If you saw the Subtraction.com Design Tools Survey that I released several weeks ago, then you may have noticed the wonderful information and visual design produced by my friends at Hyperakt, an exceedingly smart and talented studio based in Brooklyn, NY. As I mentioned, I personally did zero percent of the design; I merely handed the survey results to the Hyperakt team and they had at it, turning out a terrifically lucid, visually engrossing presentation of the findings that makes the data so much more meaningful than it would have been otherwise.
Founded by Julia Zeltser and Deroy Peraza, Hyperakt prides itself on being more than “just” expert visual communicators; they also aim to make design a force for positive change. As it happens, the studio is hiring a new Senior UI and UX Designer—the first time they’re going outside of their own ranks to fill such a role. I took the opportunity to ask Zeltser about the position and about how the company distinguishes itself from other studios.
What’s unique about Hyperakt’s mission?
Hyperakt is built on the idea of creating meaningful design for the common good. We concentrate on helping change-makers tell their stories through compelling narratives and making complex information more accessible on and offline. We hope to attract people who share our belief that, through well-crafted design and communications, we can bring awareness to issues and help organizations to improve people’s lives.
Can you talk about an example of that kind of “meaningful design for the common good”?
Sure. We recently worked with BRIGHT, a brand new non-profit organization that trains and places leaders to head high-poverty schools across Ohio. They were looking to recruit aspiring school principals from education and nontraditional backgrounds—business, military, philanthropy, and nonprofits.
We developed an inspirational brand identity and extended it to an accessible web site focused on attracting new applicants. The outcome was that BRIGHT was able to fully secure their necessary funding, and they received 300% more highly qualified applicants than they originally expected. We like hearing from clients when they say, “We surpassed our own expectations!”
What part will the senior designer you’re hiring play in the company?
In the past, this role was filled with members who grew into the position as the company evolved. That meant that our senior UX/UI staff were interdisciplinary designers, trained in communication design, branding, print, and data visualizations.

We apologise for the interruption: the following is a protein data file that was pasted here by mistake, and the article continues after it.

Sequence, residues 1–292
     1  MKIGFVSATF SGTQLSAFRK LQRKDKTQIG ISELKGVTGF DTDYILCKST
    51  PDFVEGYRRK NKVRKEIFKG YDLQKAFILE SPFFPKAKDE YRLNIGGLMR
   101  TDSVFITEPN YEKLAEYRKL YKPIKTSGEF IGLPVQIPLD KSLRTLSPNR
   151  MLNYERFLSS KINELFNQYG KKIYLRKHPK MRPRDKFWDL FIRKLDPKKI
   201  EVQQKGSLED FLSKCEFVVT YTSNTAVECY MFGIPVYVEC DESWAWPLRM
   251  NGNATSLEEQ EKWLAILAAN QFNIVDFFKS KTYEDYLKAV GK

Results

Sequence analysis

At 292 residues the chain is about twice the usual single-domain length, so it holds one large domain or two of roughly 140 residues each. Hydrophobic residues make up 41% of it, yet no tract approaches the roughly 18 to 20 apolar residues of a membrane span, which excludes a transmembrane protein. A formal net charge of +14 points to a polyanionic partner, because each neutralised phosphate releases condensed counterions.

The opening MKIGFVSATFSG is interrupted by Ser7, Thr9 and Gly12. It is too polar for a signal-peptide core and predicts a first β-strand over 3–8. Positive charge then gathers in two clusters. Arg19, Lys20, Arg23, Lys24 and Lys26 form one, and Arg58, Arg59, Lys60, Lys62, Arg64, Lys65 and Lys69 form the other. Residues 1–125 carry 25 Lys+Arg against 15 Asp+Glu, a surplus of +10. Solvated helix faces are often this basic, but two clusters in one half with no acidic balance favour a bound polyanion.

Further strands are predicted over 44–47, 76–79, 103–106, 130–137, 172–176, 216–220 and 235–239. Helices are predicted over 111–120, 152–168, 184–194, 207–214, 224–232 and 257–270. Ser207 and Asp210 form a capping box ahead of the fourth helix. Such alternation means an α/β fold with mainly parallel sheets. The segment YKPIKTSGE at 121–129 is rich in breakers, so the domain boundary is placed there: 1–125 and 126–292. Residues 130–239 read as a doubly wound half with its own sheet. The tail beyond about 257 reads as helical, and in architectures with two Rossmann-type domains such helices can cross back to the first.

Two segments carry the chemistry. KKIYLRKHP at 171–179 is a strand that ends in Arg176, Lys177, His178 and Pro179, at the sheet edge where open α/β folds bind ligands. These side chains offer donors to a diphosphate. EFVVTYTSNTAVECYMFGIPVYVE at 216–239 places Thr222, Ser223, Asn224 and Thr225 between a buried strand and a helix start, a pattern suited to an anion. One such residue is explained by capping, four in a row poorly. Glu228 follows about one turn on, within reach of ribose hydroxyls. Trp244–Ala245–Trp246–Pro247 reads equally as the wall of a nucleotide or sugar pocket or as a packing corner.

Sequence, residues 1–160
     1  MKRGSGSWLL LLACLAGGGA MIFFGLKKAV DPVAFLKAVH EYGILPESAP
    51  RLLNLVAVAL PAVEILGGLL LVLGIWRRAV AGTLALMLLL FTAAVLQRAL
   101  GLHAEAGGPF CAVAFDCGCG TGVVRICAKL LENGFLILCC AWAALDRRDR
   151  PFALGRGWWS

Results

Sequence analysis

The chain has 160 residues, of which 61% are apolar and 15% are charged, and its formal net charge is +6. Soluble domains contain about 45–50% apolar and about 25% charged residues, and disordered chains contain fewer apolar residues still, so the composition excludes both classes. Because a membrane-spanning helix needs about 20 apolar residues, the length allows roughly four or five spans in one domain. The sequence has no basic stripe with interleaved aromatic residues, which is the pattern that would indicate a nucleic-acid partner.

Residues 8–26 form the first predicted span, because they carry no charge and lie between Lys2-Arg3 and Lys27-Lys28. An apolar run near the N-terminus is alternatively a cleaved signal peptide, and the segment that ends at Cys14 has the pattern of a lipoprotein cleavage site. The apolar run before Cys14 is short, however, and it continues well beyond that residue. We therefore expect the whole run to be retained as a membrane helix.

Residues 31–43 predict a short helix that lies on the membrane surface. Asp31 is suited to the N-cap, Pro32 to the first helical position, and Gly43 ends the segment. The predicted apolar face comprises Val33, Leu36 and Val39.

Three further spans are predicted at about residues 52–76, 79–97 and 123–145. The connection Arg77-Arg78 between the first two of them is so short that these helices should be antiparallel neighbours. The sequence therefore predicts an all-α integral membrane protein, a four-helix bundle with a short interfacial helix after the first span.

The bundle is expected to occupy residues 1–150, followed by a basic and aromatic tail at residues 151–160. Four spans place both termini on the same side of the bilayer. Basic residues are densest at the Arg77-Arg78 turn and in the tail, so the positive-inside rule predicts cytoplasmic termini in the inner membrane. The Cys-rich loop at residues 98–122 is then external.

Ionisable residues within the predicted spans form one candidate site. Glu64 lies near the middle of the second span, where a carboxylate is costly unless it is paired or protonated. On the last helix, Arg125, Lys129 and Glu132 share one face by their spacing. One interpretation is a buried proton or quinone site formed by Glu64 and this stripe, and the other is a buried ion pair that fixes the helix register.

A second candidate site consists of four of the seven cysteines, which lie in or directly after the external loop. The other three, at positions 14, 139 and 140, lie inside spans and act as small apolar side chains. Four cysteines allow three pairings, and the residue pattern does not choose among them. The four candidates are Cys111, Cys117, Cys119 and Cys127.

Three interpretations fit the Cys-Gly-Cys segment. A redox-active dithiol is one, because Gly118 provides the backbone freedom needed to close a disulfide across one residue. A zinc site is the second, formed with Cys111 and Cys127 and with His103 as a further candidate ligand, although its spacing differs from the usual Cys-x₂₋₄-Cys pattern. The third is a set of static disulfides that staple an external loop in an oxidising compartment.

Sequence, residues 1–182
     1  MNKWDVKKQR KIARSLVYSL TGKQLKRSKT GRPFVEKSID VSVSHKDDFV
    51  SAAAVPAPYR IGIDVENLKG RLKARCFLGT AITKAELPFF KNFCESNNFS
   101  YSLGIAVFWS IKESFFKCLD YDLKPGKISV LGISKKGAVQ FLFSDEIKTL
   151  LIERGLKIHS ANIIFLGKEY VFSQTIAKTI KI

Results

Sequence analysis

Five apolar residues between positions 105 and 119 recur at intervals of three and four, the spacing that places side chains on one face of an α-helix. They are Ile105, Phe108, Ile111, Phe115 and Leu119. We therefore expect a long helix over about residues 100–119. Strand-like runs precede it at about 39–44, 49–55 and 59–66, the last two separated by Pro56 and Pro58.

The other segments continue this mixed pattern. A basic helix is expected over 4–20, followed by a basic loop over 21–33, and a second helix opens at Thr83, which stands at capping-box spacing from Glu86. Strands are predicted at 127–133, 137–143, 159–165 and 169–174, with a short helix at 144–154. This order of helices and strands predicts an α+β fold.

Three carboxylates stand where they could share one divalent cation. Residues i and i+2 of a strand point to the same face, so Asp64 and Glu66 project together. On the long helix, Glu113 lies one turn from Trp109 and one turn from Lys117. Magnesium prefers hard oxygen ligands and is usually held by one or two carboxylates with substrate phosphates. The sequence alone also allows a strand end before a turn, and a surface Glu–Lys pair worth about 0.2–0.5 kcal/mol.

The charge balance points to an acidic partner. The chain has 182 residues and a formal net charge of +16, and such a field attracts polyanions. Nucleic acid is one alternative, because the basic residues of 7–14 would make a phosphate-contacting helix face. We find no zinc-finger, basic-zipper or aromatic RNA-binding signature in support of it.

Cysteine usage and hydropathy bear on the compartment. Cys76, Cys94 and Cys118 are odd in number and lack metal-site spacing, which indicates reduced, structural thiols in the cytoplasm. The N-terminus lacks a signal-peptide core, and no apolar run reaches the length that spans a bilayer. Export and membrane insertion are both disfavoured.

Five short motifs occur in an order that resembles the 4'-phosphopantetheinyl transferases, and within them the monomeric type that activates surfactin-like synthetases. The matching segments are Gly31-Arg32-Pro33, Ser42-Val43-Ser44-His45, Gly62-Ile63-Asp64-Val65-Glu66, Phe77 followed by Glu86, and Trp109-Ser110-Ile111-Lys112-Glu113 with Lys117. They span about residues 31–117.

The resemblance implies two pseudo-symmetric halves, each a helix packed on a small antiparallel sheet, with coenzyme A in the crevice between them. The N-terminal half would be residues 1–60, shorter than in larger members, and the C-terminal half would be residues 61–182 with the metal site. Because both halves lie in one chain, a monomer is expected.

Today, we’re looking for someone who is not only a seasoned design ninja but also a systems thinker, compassionate leader, inspiring mentor and a cheerleader for the team. This is a leadership role. The projects we work on are more robust and require more systems-oriented design and management. As the design team grows, we need better systems and structures while pushing the boundaries of design.
How closely will this person work with you and your co-founder, Deroy Peraza?
Deroy and I are actively involved with all projects at Hyperakt. We provide creative direction very much in collaboration with our team and ensure consistent, high-quality output. We’re more involved at the beginning of the project, and then step back to let our designers have a bit more freedom to create and take ownership over the work.
It sounds like you need someone who has already had lots of valuable working experience. How would you expect this person can grow at Hyperakt?
We ask the applicants for this position come to us with three to five years of experience creating digital experiences. He/she will be entering the agency at a senior position. They might not have been leading a team elsewhere, but they need to have the qualities of a natural born leader. After a few years, this role can evolve into a UX/UI director. But that maxes out the vertical growth at Hyperakt.
There are lots of other opportunities for personal growth that go beyond client projects though. Hyperakt Labs is our vehicle for self-initiated projects and it lets us expand the boundaries of design and push our UX/UI craft. Many of the Labs projects require learning new skills, far beyond design: various business models, topics, and technologies. The Design Tools Survey that we did with you, for instance, was a great opportunity for our team to really stretch ourselves creatively. And our On the Grid project, a neighborhood guide curated by designers around the world, is loads of fun. So we think there’s lots of room for individual ingenuity and collective creativity, whether it’s for client work or our Labs projects.
If you’re interested in this opportunity, read more at Authentic Jobs.